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Redox Biol. 2018 Apr;14:100-115. doi: 10.1016/j.redox.2017.08.015. Epub 2017 Sep 1.

Iron accumulation in senescent cells is coupled with impaired ferritinophagy and inhibition of ferroptosis.

Author information

1
Centre for Cellular and Molecular Biology, School of Life and Environmental Sciences, Deakin University, Burwood, Victoria 3125, Australia.
2
Research Division, Peter MacCallum Cancer Centre, East Melbourne, Victoria 3002, Australia.
3
Research Division, Peter MacCallum Cancer Centre, East Melbourne, Victoria 3002, Australia; The Sir Peter MacCallum Department of Oncology, The University of Melbourne, Parkville, Victoria 3010, Australia.
4
Research Division, Peter MacCallum Cancer Centre, East Melbourne, Victoria 3002, Australia; The Sir Peter MacCallum Department of Oncology, The University of Melbourne, Parkville, Victoria 3010, Australia; Department of Pathology, The University of Melbourne, Parkville, Victoria 3010, Australia.
5
The Florey Institute of Neuroscience and Mental Health, The University of Melbourne, Parkville, Victoria 3052, Australia.
6
Centre for Cellular and Molecular Biology, School of Life and Environmental Sciences, Deakin University, Burwood, Victoria 3125, Australia; Department of Pathology, The University of Melbourne, Parkville, Victoria 3010, Australia. Electronic address: mcater@deakin.edu.au.

Abstract

Cellular senescence is characterised by the irreversible arrest of proliferation, a pro-inflammatory secretory phenotype and evasion of programmed cell death mechanisms. We report that senescence alters cellular iron acquisition and storage and also impedes iron-mediated cell death pathways. Senescent cells, regardless of stimuli (irradiation, replicative or oncogenic), accumulate vast amounts of intracellular iron (up to 30-fold) with concomitant changes in the levels of iron homeostasis proteins. For instance, ferritin (iron storage) levels provided a robust biomarker of cellular senescence, for associated iron accumulation and for resistance to iron-induced toxicity. Cellular senescence preceded iron accumulation and was not perturbed by sustained iron chelation (deferiprone). Iron accumulation in senescent cells was driven by impaired ferritinophagy, a lysosomal process that promotes ferritin degradation and ferroptosis. Lysosomal dysfunction in senescent cells was confirmed through several markers, including the build-up of microtubule-associated protein light chain 3 (LC3-II) in autophagosomes. Impaired ferritin degradation explains the iron accumulation phenotype of senescent cells, whereby iron is effectively trapped in ferritin creating a perceived cellular deficiency. Accordingly, senescent cells were highly resistant to ferroptosis. Promoting ferritin degradation by using the autophagy activator rapamycin averted the iron accumulation phenotype of senescent cells, preventing the increase of TfR1, ferritin and intracellular iron, but failed to re-sensitize these cells to ferroptosis. Finally, the enrichment of senescent cells in mouse ageing hepatic tissue was found to accompany iron accumulation, an elevation in ferritin and mirrored our observations using cultured senescent cells.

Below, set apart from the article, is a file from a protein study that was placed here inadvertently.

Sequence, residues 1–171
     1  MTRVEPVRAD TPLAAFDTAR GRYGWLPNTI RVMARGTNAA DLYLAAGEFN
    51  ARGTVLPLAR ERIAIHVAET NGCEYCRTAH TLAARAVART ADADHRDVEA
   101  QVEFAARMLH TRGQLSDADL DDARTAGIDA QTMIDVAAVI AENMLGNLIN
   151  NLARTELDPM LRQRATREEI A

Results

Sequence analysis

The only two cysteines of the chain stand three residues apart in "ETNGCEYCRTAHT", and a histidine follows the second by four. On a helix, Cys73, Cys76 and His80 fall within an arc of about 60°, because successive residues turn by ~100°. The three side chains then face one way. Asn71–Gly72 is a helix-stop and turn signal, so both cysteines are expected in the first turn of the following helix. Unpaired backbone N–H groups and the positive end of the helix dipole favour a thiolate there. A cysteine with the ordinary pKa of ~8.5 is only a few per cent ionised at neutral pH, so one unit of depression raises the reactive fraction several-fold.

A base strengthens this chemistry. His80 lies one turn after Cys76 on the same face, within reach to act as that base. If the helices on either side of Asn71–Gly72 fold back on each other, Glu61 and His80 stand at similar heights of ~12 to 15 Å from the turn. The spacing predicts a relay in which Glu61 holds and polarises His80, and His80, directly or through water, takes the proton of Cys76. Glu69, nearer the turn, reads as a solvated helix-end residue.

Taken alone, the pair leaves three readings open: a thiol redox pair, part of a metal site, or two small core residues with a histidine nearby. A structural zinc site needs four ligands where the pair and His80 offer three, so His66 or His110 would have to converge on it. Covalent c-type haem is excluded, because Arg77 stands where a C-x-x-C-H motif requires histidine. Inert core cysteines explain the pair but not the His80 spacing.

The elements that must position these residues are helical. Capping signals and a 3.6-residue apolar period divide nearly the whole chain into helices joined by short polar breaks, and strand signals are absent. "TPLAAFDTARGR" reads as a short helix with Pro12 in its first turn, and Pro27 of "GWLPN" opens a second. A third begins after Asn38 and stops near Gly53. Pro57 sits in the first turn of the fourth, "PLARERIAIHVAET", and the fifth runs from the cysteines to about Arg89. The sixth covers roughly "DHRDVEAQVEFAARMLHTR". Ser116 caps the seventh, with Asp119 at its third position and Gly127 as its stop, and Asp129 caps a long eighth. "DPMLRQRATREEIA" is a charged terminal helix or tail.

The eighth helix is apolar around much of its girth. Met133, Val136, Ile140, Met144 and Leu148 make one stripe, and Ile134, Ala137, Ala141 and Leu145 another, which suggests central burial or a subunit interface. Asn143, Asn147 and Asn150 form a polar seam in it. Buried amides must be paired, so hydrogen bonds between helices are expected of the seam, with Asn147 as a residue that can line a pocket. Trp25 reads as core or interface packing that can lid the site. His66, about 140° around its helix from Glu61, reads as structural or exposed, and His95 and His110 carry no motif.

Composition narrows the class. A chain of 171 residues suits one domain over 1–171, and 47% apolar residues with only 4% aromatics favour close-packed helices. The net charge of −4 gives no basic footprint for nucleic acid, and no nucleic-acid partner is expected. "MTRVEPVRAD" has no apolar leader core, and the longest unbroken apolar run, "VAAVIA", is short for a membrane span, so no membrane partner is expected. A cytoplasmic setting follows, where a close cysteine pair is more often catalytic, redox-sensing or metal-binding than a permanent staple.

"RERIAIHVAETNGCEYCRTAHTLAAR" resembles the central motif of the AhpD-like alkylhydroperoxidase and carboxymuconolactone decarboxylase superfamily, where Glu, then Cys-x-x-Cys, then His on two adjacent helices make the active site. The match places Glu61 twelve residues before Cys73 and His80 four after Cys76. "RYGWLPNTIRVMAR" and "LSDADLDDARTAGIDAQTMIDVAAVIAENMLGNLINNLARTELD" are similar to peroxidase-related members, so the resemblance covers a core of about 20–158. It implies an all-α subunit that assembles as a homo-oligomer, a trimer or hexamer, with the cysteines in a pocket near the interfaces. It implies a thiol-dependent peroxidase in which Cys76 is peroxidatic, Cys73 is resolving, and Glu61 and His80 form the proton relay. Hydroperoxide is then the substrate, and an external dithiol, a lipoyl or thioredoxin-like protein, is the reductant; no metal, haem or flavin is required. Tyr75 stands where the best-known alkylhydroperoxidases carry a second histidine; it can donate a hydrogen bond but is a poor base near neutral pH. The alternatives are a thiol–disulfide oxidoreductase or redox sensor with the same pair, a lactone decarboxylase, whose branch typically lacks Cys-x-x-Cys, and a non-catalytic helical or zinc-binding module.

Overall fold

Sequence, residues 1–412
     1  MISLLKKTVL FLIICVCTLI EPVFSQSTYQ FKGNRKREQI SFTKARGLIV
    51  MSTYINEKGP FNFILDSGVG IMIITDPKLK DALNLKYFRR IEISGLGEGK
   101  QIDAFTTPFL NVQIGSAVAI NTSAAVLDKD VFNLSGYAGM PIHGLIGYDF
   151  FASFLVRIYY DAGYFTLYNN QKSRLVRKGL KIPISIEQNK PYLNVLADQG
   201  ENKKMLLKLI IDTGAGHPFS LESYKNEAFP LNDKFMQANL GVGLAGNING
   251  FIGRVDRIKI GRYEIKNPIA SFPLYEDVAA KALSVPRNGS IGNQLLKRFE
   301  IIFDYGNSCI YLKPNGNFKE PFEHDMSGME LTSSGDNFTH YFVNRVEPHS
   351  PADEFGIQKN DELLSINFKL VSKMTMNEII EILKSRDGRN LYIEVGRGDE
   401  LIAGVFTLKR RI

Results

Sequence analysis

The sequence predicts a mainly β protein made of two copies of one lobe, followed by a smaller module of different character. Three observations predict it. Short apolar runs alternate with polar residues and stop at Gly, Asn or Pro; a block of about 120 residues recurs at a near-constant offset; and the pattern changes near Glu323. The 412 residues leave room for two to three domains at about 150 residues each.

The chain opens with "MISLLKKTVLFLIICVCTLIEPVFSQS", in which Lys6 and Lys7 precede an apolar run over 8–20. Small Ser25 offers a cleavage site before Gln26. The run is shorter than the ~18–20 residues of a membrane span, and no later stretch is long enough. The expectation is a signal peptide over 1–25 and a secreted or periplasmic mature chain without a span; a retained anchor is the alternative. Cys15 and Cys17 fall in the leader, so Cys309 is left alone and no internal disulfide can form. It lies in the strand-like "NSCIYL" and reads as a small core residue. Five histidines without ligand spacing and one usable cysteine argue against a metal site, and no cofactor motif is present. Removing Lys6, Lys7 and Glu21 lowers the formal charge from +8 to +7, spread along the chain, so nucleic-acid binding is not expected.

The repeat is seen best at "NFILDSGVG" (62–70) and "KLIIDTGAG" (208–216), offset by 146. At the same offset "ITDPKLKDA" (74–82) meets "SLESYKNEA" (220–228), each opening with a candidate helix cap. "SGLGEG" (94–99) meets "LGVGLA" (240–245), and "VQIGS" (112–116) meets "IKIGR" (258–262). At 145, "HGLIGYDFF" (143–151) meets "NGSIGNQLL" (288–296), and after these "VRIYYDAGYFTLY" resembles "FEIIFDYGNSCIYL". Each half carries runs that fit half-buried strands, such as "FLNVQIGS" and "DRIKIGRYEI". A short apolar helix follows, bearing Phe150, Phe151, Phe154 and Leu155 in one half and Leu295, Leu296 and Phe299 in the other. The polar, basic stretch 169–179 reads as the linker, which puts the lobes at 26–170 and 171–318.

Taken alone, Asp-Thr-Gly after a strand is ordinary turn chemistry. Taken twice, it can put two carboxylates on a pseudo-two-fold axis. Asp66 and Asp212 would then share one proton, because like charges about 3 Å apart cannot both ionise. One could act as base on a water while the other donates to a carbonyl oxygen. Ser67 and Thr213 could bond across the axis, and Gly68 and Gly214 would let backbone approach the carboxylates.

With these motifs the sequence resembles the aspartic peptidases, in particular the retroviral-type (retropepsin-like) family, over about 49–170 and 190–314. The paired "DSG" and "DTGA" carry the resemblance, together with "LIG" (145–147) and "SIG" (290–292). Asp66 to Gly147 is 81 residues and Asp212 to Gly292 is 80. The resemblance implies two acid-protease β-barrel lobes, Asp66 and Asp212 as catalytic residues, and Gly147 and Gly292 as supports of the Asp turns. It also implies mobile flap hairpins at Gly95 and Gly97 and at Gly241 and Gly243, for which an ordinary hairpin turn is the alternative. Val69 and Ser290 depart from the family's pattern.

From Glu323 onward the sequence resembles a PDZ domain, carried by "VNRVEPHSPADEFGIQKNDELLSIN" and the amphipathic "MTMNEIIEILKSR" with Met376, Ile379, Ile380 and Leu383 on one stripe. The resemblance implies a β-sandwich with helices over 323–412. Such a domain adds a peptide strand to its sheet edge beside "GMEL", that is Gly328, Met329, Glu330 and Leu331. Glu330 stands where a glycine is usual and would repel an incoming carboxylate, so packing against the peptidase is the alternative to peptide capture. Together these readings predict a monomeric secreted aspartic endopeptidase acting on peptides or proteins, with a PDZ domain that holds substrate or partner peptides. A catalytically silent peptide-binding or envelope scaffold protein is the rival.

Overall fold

KEYWORDS:

Ageing; Autophagy; Ferritin; Ferritinophagy; Ferroptosis; Iron; Senescence

PMID:
28888202
PMCID:
PMC5596264
DOI:
10.1016/j.redox.2017.08.015
[Indexed for MEDLINE]
Free PMC Article

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